Cool! My take-away is that rando drive-by comments pay off sometimes. I will have to take a close look at this.

  4. PaulBC says

    Even if it is not the obvious magnification I was thinking it would be, there are definitely a lot of opportunities for art in public spaces. I wonder if anyone has explored the potential. I often notice it more more less fortuitously, where the sheet metal is there but I don’t think the Moiré pattern is intentional.

    Do you really have to rotate? Isn’t it sufficient to place them some distance apart?

  5. says

    No, you don’t have to rotate. Either scaling or rotating works fine. If you have two lattices some distance apart, the parallax makes it look like one is scaled compared to the other.

  6. Rob Grigjanis says

    Siggy @2:

    If M is a small-degree rotation, then (M-I)^-1 is a scaling transformation plus 90 degree rotation.

    Ahah! Got it, thanks.

  7. PaulBC says

    Siggy@5 When I first thought about analyzing this, I considered writing program to do simple ray tracing through pairs of holes in displaced sheets. It wasn’t something I had time for so I put it out of my mind. Now I realize that I can just use a transparent PNG with a periodic pattern and superimpose it with a scaled down copy of itself.

    I feel very silly for not thinking of that now. I might try it today in fact.

  8. PaulBC says

    This is absurdly simple (compared to my original thoughts) and I did it in a couple of minutes by searching for a black square png, opening it up in Mac preview, using cut and paste to remove an interior square, then inserting the png into a Google doc, making a periodic pattern with copy-paste and then scaling one copy to 90%. I hope doc links are OK. This is public but view-only.

    It would be fairly easy to construct other grids with different placements and hole shapes using a script.

  9. says

    Yeah, that’s more or less the same process I was using, but with different software (I’m using Adobe Illustrator). I just made a square with a shape cut out, then I copy/pasted it a bunch of times, doubling the number of squares at each step. I’ve actually used this process plenty of times before to draw origami tessellation crease patterns. Most of these aren’t public, but here’s one example. And of course, I used the same process last time I generated Moire patterns.

    There’s also another way to do it using Illustrator’s “pattern” tool, but I haven’t tried it yet. Maybe that would be easier. I can try that next time.

    I do feel like someone should just make an interactive webapp for Moire patterns. It’s a project for a web developer.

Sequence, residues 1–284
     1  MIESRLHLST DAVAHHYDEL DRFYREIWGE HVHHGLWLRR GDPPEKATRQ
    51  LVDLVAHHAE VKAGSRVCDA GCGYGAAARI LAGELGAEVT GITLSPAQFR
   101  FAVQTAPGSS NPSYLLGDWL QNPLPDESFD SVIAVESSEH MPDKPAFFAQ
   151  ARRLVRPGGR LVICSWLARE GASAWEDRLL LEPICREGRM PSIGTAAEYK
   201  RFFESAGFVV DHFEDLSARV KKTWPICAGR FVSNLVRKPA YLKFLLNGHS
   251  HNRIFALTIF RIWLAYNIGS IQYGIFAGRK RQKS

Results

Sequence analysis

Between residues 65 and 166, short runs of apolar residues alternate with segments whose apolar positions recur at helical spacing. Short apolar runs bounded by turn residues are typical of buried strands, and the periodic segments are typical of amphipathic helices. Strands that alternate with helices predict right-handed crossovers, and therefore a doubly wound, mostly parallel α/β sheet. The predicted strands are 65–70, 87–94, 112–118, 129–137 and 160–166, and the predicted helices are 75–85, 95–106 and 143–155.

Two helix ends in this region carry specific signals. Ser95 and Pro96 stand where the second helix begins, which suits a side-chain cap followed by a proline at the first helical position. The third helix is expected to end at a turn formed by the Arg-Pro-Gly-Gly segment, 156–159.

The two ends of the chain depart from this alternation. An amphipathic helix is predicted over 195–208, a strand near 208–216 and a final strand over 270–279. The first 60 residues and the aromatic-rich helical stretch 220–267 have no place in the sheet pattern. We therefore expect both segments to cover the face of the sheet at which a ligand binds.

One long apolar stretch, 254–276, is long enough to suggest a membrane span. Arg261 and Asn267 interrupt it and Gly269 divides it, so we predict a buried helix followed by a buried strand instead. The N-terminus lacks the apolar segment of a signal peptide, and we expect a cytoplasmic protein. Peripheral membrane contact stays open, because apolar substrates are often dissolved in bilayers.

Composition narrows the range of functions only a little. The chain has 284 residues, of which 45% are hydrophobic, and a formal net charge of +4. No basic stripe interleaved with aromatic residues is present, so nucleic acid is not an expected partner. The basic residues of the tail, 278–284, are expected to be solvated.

10. PaulBC says

    I reacquainted myself with imagemagick to take some of the manual work out of this. It’s free and easy to install. (

    Here’s script that produces the final image of a crude cat-head-shaped polygon.
    # make the upside down "cat" polygon and square with a square pinhole
    convert -size 100x100 xc:none -fill black -stroke none -draw "path 'M 0,0 0,100 100,100 100,0 Z M 15,25 50,10 85,25 85,60 70,85 55,60 45,60 30,85 15,60 Z' " cat.png
    convert -size 100x100 xc:none -fill black -stroke none -draw "path 'M 0,0 0,100 100,100 100,0 Z M 45,45 55,45 55,55 45,55 Z' " pinhole.png
    # scale down the pinhole to 95%
    convert pinhole.png -resize 95x95 pinhole2.png
    # tile the images into periodic grids
    convert -size 3200x3200 tile:cat.png grid1.png
    convert -size 3200x3200 tile:pinhole2.png grid2.png
    # superimpose them into a moire patten
    convert grid1.png grid2.png -layers flatten moire.png

    …and a link to the generated images.

    So my intuition wasn’t totally off, but your point about autocorrelation is well taken. In fact, the second grid produces the sharpest image if it consists of pinholes that are small compared to the image being magnified (and like a normal pinhole camera, you trade off in the amount of light coming through).

    I bet this would make a good outdoor display that people have not seen before (with a more interesting image).

    The magnification will change with distance from the display. E.g. at 19 feet from the near sheet, its spacing will appear to be 20/19 that of the far sheet (or am I off by a little?). Does the magnification compensate for distance so the image appears the same size? (Lazy question. I should work it out.)

    (That’s the Moiré cat. Now if I could just draw a recognizable eel.)

  11. PaulBC says

    Small update: I now see that if I had scaled up the pinhole grid by 5% instead of down, I would not have to contend with upside down images. So if the pinholes are the nearer sheet, you want the image grid to be right side up. In principle I guess the viewer could be on either side, so maybe it is not worth worrying too much. I wonder how much it costs to get these kinds of sheets fabricated.

Leave a Reply

Your email address will not be published. Required fields are marked *